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Thomas Moran SUNSET ON LONG ISLAND 1837 - 1926 signed TMoran, N.A. and dated 1901 (lower right) oil on canvas 30 by 40 1/4 inches (76.2 by 102.2 cm) This painting will be included in Stephen L. Good's and Phyllis Braff's forthcoming catalogue raisonné of the artist's work. Hammer Galleries, New York Private collection (sold: Sotheby Parke Bernet, New York, December 6, 1984, lot 73, illustrated) Alexander Gallery, New York (acquired at the above sale) Acquired by the present owner from the above Exhibited East Hampton, New York, Guild Hall, The Moran Family Legacy, October 1997-January 1998 Literature William Gerdts, "The Paintings of Thomas Moran: Source and Style," The Magazine Antiques, vol. 84, no. 2, February 1964, p. 204, illustrated  Catalogue Note Thomas Moran designed and built a home and studio in East Hampton, New York, in 1884. East Hampton became his permanent residence thereafter and Moran often painted the scenic landscape at the eastern end of Long Island. In a letter discussing the present work, The artist wrote: "The subject was taken from a pond near the Village of Water Mill about ten miles from Easthampton, Long Island, my summer home (and) studio. It is eminently characteristic of the scenes at the far end of the island, (and) I esteem it among the best of my works."  According to Phyllis Braff, \\\“Moran\\\’s reputation as a painter of resonant, luminous effects can be linked, in part, to the atmospheric conditions he included in his paintings of this region. The area\\\’s low terrain adjacent to the Atlantic Ocean provided an opportunity for the artist to add dramatic, water-enhanced reflections for compositions with large unbroken skies." Of the Long Island paintings, Braff continues, saying, \\\“In his concerns with observing the time of day, or the seasons, he often implies symbolic readings for these themes. Moran had begun to address the challenge of translating atmospheric characteristics of art into pigment early in his early career."  Executed in 1901, Sunset on Long Island is one of several paintings that illustrate Moran\\\’s interest in natural phenomena. The changing color of the sky at sunset, from fiery orange to violet, contrasts with the deep greens and browns of the vegetation, and is further emphasized by the sky\\\’s reflection in the water. In Sunset on Long Island, sky, water, and land intersect, offering a glimpse into the unspoiled and romantic scenery of Long Island 69 Thomas Moran signed TMoran, N.A. and dated 1901 (lower right) oil on canvas 30 by 40 1/4 inches (76.2 by 102.2 cm) This work is in good condition. The canvas is wax lined. Under UV: there are small areas of inpainting at the upper left edge and in the lower center sky. There are a few other scattered dots and thin lines of inpainting. In response to your inquiry, we are pleased to provide you with a general report of the condition of the property described above. Since we are not professional conservators or restorers, we urge you to consult with a restorer or conservator of your choice who will be better able to provide a detailed, professional report. Prospective buyers should inspect each lot to satisfy themselves as to condition and must understand that any statement made by Sotheby's is merely a subjective qualified opinion. NOTWITHSTANDING THIS REPORT OR ANY DISCUSSIONS CONCERNING CONDITION OF A LOT, ALL LOTS ARE OFFERED AND SOLD "AS IS" IN ACCORDANCE WITH THE CONDITIONS OF SALE PRINTED IN THE CATALOGUE.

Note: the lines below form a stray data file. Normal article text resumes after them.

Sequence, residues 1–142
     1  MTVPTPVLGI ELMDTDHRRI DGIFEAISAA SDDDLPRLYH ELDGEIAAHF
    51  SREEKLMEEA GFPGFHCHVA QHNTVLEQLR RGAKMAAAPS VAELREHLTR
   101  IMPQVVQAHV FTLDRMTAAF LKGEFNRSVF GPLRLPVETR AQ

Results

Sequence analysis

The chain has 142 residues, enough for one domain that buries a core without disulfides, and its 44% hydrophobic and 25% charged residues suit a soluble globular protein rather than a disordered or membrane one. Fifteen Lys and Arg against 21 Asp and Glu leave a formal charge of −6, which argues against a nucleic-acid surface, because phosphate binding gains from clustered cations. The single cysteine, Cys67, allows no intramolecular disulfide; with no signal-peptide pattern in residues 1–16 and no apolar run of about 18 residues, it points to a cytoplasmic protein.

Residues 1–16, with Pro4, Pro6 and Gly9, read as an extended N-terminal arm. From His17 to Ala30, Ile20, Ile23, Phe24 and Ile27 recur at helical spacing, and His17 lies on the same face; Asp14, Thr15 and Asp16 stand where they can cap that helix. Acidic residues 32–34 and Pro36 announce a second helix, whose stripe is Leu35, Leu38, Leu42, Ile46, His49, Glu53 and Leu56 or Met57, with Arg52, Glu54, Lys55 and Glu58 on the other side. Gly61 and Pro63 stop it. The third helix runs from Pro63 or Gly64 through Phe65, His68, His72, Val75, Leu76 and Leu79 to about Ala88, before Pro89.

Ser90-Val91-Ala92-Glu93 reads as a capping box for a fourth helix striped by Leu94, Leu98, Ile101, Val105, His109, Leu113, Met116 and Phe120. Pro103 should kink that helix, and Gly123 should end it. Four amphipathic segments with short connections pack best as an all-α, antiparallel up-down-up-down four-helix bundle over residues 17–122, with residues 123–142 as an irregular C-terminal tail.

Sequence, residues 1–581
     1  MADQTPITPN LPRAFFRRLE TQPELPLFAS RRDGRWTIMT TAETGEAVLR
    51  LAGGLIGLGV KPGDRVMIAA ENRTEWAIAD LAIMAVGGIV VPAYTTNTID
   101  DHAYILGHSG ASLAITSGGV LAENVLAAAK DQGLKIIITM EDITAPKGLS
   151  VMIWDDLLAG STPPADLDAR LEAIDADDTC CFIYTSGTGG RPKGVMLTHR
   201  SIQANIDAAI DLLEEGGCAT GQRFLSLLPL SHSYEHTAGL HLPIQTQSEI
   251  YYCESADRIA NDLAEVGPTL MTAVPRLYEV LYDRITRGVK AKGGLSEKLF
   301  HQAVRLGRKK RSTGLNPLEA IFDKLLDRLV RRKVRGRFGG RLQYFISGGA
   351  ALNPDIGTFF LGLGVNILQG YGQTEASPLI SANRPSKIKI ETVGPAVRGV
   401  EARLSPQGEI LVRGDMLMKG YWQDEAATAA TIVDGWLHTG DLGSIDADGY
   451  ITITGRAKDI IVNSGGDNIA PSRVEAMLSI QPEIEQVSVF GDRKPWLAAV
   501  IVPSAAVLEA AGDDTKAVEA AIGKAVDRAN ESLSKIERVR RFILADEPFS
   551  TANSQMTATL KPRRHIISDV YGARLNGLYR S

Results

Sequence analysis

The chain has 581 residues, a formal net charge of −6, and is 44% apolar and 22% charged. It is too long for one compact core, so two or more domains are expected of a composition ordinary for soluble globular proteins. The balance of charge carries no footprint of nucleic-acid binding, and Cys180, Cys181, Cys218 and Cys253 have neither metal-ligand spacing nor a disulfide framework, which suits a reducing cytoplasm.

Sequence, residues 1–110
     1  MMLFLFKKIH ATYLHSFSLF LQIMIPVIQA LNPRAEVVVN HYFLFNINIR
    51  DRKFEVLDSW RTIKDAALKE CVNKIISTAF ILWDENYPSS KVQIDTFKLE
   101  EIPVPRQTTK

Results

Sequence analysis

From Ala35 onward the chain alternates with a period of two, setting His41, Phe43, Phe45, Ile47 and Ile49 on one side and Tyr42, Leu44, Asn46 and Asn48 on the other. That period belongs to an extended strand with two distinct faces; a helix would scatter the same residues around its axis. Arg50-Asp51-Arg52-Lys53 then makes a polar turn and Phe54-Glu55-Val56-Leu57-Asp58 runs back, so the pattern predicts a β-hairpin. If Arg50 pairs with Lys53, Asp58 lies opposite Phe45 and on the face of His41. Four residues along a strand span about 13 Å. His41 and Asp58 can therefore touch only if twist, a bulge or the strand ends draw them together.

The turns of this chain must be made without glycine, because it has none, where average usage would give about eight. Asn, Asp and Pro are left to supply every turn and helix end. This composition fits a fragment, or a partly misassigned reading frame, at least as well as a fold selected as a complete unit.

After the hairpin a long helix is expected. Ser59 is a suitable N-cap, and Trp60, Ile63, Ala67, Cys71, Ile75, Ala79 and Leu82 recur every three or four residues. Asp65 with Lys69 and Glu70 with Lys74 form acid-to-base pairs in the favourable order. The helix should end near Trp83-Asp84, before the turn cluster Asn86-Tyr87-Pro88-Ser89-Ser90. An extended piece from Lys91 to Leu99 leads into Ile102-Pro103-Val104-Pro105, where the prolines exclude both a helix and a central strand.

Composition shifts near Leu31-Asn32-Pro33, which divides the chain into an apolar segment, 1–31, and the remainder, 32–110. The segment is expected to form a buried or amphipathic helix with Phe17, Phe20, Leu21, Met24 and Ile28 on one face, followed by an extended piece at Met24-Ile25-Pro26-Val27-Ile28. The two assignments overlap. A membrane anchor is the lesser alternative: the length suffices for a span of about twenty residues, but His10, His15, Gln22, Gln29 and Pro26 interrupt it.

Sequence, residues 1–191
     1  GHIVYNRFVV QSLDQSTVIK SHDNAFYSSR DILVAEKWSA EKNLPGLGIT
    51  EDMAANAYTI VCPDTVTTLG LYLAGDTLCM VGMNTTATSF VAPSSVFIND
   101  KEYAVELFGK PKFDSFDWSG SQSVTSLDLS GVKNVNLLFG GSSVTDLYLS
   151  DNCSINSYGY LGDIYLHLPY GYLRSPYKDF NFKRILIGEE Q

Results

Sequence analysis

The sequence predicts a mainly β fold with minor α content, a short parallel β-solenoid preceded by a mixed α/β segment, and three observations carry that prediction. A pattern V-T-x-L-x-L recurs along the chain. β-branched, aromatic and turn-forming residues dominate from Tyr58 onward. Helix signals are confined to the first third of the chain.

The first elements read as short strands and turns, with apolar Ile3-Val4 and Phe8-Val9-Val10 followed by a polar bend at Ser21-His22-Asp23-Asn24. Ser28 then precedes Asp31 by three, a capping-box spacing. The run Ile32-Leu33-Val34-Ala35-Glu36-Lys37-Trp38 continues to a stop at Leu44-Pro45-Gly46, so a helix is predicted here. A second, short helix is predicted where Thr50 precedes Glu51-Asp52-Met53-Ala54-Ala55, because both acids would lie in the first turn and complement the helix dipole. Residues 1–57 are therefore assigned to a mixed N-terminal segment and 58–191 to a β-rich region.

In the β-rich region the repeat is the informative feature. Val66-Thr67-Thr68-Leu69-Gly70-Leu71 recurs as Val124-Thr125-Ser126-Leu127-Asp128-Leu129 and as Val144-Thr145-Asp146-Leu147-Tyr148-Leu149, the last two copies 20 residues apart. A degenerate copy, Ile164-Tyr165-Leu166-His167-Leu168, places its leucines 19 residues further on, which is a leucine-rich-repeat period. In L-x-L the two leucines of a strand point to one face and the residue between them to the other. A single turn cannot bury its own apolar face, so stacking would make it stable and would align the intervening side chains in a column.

Thomas Moran - Mountain Lion In Grand Canyon